Wallaces Farmer

Give corn, beans a smooth start

Pay attention to details to ensure good emergence for crops you plant this spring.

Rod Swoboda

April 21, 2020

4 Min Read
Field with rows of immature planted crops
SEED TREATMENTS: Understand your field conditions and choose products that meet your insect and disease control needs. Farm Progress

After the cold and wet start in April, models from the Climate Prediction Center are showing high probabilities of warm, wet weather in Iowa for the rest of this spring. To help start the crop season off strong amid weather uncertainties, there are several tasks growers should keep top of mind.

Agronomists say the first step is to fertilize for desired yields. With low commodity prices, many growers are considering cutting inputs. To help make informed decisions, use a simple soil test to determine fertility needs. For nitrogen, phosphorus and potassium recommendations specific to your location and farming operation, consult your local agronomist.

When to start planting is an important decision. Take advantage of early planting windows, but only if conditions are favorable. There are many benefits to planting early, but it’s important to consider environmental and soil conditions before dropping the first seed. Planting in less-than-ideal soil conditions can haunt you for the entire growing season. Planting in soil that’s too wet can cause uneven crop emergence or poor root development due to sidewall compaction, stress or seedling disease.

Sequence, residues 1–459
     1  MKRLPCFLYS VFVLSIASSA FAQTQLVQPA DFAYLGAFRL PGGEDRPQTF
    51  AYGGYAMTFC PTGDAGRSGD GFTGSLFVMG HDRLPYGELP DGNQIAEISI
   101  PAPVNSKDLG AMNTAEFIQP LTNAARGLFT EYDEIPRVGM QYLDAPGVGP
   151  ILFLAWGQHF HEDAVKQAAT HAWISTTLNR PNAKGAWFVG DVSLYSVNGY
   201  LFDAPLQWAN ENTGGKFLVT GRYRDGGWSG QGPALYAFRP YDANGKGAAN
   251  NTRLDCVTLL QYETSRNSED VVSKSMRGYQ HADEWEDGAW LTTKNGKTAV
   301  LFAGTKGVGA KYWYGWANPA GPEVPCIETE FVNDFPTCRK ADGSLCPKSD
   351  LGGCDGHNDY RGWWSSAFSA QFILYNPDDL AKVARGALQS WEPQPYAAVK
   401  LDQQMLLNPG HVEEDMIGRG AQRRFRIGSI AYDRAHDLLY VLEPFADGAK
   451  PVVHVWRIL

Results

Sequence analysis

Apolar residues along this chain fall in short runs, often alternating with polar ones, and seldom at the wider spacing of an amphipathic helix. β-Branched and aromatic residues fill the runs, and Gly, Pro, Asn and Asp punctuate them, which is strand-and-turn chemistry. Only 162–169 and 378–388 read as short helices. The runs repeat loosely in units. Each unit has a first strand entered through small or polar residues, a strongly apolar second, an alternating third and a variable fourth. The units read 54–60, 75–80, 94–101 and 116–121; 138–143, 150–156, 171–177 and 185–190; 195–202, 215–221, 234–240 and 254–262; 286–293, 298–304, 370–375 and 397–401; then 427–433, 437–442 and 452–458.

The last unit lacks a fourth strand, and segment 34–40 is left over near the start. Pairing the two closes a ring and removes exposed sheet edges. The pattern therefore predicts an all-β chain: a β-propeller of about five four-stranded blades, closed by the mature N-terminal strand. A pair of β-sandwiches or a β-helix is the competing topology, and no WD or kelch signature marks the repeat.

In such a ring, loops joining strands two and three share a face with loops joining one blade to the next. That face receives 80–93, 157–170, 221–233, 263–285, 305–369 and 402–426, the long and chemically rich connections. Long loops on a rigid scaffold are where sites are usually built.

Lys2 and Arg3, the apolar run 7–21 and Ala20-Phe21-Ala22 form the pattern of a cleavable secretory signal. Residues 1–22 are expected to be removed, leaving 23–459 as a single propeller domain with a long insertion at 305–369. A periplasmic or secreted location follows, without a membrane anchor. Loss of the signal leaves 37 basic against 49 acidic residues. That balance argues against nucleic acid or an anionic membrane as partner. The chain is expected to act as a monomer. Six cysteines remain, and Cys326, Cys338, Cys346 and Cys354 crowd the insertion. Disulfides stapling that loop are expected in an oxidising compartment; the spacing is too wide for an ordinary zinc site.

Make timely herbicide applications

“If you choose a no-till approach, a successful burndown herbicide application using a product like Sharpen or Verdict will help start the season off right,” says Mark Storr, an Iowa-based technical service agronomist for BASF. “Growers should actively monitor weed species and size, along with general growing conditions, in order to achieve effective product performance.”

Given the effectiveness of residual herbicides, it makes sense to apply them before planting, so weeds and crops develop on the same timeline. “That said, there is no reason not to consider making applications a couple of weeks before planting if it will allow for more timely planting,” Storr says.

A rule of thumb to use is that once activated by moisture, full rates of soil-applied residual herbicides like Outlook and Verdict provide about eight weeks of residual, he says. Weather and soil conditions can vary, and the rate applied also influences length of residual control. However, you can use this as a gauge to determine approximately when you may have to make your first post-herbicide application.

For post-herbicide treatments, it’s important to accurately identify weed species to choose the right product to control them. “Growers need to apply a postemergence herbicide correctly by determining proper crop stage, along with the right rate, nozzle, carrier volume and adjuvant,” Storr says. “Also, consider adding additional residual control, like Outlook or Zidua herbicides, to the post-treatment to help keep fields weed-free all season long.”